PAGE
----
Sunday, November 9, 2014

Isabody Challenge: The Beginning

This week I signed up for the IsaBody Challenge.  It is 16 weeks long and I'm excited to see what the next four months bring.  I chose to focus on Energy and Performance.  I know that overall I want to gain more strength and build lean muscle.

My overall goals are nothing new.  I have been working on gaining lean muscle mass and strength for the past few months.  For this challenge, I have a very specific purpose.  I also want to maintain my health through the holidays and, more importantly, the first part of the New Year.  My life is undergoing some significant changes and change naturally bring on stress and anxiety.  That is how life goes.  I know that one of my automatic responses during these types of situations is to not take care of myself.  I push my focus outward and will neglect and ignore simple things like eating.  I push myself too hard, turn all my attention to my kids and find myself sick and injured.  I joined this challenge because it will force me to stay aware of my body, my needs and take care of myself on a daily basis.  This is my commitment to being good to me.

My goal for the challenge:  maintain my weight and health.  It is isn't specifically measurable, but it is truly invaluable. 

Let's do this!

Friday, October 17, 2014

Chicago Marathon 2014 Recap

October 12, 2014

Walking up North Columbus toward the starting line the cold wind took my breath away.  I was still in a state of disbelief that I was making my way to the beginning of THE Chicago Marathon.  I had started my training hoping to achieve a sub-4 hour marathon.  A lofty goal for anyone that isn't naturally gifted with endurance running speed.  Looking at some recent data, approximately 25% of marathon runners (in major races) are able to finish in under 4 hours.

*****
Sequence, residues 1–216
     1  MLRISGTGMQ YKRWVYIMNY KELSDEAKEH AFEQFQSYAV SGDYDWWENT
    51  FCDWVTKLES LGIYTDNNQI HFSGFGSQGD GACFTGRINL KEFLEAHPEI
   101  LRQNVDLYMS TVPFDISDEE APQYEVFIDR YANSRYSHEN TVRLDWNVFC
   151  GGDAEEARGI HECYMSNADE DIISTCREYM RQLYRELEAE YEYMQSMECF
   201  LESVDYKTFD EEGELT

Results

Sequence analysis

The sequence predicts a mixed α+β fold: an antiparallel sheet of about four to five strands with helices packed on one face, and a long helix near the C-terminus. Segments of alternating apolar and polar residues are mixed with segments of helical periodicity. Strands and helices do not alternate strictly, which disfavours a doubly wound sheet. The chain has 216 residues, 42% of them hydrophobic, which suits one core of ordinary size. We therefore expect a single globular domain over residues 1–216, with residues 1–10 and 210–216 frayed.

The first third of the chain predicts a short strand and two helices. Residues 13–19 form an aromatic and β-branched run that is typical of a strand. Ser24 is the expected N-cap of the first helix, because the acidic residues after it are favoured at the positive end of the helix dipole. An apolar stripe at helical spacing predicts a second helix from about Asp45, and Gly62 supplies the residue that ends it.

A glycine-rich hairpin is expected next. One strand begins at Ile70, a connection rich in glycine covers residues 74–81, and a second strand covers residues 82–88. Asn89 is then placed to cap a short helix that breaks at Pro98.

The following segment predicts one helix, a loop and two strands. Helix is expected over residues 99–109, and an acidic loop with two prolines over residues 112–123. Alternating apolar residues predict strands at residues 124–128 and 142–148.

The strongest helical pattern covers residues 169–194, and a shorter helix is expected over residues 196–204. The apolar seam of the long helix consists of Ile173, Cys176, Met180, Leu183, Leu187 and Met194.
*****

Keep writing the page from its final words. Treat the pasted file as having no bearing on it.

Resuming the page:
My training had fallen off course so that goal was no longer realistic.  After struggling to complete my long runs and trying to get my nutrition on track I decided to talk to my Triathlon Coach, Mari, and get her take on how to approach the race.  Her advice, and one I had already been toying with, was to go 100% by feel race day.  To collect data, I could use my Garmin, but I shouldn't use that as a way to pace myself.  Instead, I was to use my perceived exertion and a flexible game plan of how hard I wanted to push at certain mile points.

My goal was simple.  Beat my current PR of 4:19:58.  I had a secondary goal of beating 4:10:00, but that was only if I was feeling good during the race.

My game plan looked like this:

  • Start with the Corral behind my assigned corral of F.  I know I start slow and in order for me to be true to my natural running form, I need to start with a group that has a slower pace.
  • Miles 1 - 3: It should feel a little bit uncomfortable, but allow my legs to get warm and loosen up.  No pushing hard, no matter what.
  • Miles 4 - 16: Every run interval should feel challenging, but maintainable.  It should feel FUN.  I should be able to high-five kids, look around at the buildings and neighborhood and enjoy the race.  Fuel using Gu at miles 5, 10 and 16.
The rest of the plan was purely dependent on how I was feeling during the race.  If I was feeling good and ready to try to push, then I was going to use this strategy

  • Miles 16 - 20: Every run interval should be HARD.  I should be ready for each walk break.  Keep arms swinging during the walk intervals.  Remember Mirinda Carfrae's form as she ran the marathon portion of her IronMan Championship win.  Try to keep that form.  Start drinking the Nuun Water I had on my hydration belt in addition to using the water stations.
  • Miles 20 - 26: Change playlist to the fast BPM (Last 6 Miles on my Spotify Playlist) and just keep the tempo with my feet.  No matter what, keep the turnover quick and steady.  Take in a Gu at mile 21.
  • Mile 26 - Finish:  All out.  Don't stop.  Pick it up and finish strong.

At the beginning of the race I felt really strong and confident that the race would be fun.  The atmosphere was electric, excited and pulsing with adrenaline.